Congratulations, Mom -- Here's Your Graduation Present

My present to my mother, a real certified professional genealogist, is to expose the genealogical charlatan Michael Walshe, and the scam of his Historical Research Center's so-called research.
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Well, Saturday was graduation day for my mother, who's visiting from her new home in Ireland to receive her doctorate from Drew University here in New Jersey -- at the tender age of 72.

As anyone who knows me can tell you, I'm sort of incapable of giving, or doing, anything normal as a present for any occasion. So, here you go, Mom, this is your unconventional graduation present.

First, here's a little background so people reading this (other than my mother) will get why I'm writing it. When my mother, who has been a professional genealogist for a really long time, was visiting at Christmas, we were talking about genealogy scams, prompted by that annoying commercial for the Historical Research Center currently being aired with great frequency on the History Channel. It isn't bad enough that the History Channel has turned into, as Bill Maher so aptly put it, the "Really Bad Life Choices Channel," with its new line-up of completely non-historical reality shows like Ax Men, Ice Road Truckers and Gangland. Now they've sunk to a new low, airing ads for a company that peddles fraudulent history. So my graduation present to my mother, a real certified professional genealogist, is to expose the genealogical charlatan Michael Walshe, and the scam of his Historical Research Center's so-called "research."

To get started on this little project, I went to the Historical Research Center website and ordered my very own family name "parchment scroll," (which is actually a crappy, barely readable print-out on regular paper off someone's less than optimum quality ink-jet printer), to see what they'd come up with for my guaranteed authentic family name origin and meaning. And, because of the special "as seen on TV" deal, I was actually able to get not just one, but two of these lovely scrolls (for just the price of shipping and handling). So, the two family names I chose were my own, Rodda, and my mother's maiden name, Patterson. It was the Patterson name, however, that I was already planning to use to show what a fraud the Historical Research Center really is.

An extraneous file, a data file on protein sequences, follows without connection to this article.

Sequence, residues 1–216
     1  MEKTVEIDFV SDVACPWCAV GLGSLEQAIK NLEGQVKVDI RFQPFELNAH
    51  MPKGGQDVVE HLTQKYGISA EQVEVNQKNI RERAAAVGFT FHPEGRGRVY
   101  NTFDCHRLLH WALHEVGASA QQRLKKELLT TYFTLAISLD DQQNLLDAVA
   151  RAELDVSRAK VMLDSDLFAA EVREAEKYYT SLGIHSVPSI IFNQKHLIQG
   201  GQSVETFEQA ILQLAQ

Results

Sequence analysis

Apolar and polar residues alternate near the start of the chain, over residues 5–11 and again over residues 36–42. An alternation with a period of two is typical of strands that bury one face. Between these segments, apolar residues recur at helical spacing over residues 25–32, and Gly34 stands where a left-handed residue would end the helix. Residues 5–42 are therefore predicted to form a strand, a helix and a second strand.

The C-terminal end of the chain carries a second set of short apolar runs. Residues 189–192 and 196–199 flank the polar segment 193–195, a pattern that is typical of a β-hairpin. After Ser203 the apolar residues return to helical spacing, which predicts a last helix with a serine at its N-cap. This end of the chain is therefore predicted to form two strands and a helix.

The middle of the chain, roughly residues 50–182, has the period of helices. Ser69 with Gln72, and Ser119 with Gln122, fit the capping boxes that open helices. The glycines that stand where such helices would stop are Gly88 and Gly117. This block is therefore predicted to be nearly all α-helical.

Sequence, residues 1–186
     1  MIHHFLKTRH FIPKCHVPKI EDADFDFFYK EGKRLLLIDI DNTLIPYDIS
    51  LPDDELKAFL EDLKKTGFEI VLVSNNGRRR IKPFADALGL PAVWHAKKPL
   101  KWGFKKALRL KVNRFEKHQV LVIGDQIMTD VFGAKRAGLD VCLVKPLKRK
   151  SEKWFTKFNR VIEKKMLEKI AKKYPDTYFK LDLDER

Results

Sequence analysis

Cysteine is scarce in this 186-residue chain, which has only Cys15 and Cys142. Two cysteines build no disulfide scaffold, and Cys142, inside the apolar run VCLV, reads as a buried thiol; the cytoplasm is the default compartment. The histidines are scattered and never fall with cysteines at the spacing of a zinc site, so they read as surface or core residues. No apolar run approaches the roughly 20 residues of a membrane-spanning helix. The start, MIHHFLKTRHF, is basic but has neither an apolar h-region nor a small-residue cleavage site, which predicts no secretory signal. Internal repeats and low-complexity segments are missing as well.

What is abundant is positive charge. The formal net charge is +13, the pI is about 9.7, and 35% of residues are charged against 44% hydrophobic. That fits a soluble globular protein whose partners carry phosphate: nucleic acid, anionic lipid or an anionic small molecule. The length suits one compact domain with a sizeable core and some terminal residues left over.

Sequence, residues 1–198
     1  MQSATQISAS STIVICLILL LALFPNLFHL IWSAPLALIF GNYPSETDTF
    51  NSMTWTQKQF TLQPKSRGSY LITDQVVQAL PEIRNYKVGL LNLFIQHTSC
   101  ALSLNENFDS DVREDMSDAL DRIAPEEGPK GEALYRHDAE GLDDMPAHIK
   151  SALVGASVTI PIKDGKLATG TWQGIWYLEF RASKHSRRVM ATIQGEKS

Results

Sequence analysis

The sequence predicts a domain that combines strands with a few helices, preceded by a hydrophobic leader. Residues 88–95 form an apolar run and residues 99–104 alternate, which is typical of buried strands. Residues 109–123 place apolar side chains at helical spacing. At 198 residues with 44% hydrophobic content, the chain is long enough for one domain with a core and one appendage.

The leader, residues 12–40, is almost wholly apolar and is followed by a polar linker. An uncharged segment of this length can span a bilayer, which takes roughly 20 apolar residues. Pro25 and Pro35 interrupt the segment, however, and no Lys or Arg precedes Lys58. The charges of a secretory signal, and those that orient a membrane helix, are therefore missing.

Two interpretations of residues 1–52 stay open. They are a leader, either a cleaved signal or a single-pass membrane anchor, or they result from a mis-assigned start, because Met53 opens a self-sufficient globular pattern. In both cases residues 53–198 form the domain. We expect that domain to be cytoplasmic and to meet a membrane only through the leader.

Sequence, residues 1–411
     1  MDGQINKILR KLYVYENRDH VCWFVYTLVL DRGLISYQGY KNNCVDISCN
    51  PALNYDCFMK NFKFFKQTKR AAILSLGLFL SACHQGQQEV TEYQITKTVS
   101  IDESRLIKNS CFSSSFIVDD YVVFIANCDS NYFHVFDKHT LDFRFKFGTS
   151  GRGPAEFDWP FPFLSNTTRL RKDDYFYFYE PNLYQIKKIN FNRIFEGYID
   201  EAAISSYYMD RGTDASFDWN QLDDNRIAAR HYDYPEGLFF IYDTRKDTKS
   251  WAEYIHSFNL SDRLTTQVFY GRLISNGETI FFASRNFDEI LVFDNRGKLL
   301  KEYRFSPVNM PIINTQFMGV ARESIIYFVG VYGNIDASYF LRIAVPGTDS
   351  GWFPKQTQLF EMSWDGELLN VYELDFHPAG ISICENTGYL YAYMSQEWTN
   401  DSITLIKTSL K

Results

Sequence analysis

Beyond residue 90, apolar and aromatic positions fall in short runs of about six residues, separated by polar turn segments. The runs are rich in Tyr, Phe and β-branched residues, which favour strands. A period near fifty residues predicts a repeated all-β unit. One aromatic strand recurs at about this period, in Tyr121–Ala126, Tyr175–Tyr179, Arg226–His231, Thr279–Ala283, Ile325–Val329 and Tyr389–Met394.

With my mother being a genealogist, I, of course, know way more about my family's history than I ever wanted to know, including the fact that Patterson wasn't the name my great-grandfather started out with. This is not uncommon. Things like spelling errors, bad handwriting, and language barriers often caused an immigrant's name to be written down or copied wrong on a document, and the new name just stuck and became the person's legal name. Many, many immigrant's names were "Americanized," either by choice or by mistake. So, my Danish sea captain ancestor Anders Pedersen became Andrew Patterson, the name on his naturalization record.

For the record, I did not make any attempt to fool the Historical Research Center. When you place your order, they ask you for your name's country of origin, if known, and I truthfully answered that my Patterson ancestor came from Denmark. Apparently, my "personal researcher" just decided to ignore this.

Now, if a real genealogist was told by someone that their Danish ancestor was named Patterson, they would immediately think, "Something's rotten in the state of Denmark." Patterson isn't a Danish name. There must be some explanation, or possibly a mistake. And a real genealogist would figure out pretty quickly that Andrew Patterson started out as Anders Pedersen when they started tracing the records. Not so for the Historical Research Center. Even though I told them that the country of origin was Denmark, I got exactly what I expected -- a generic history of the Patterson name in the British Isles, saying the name originated in Ireland, containing nothing that you can't easily find on any number of websites.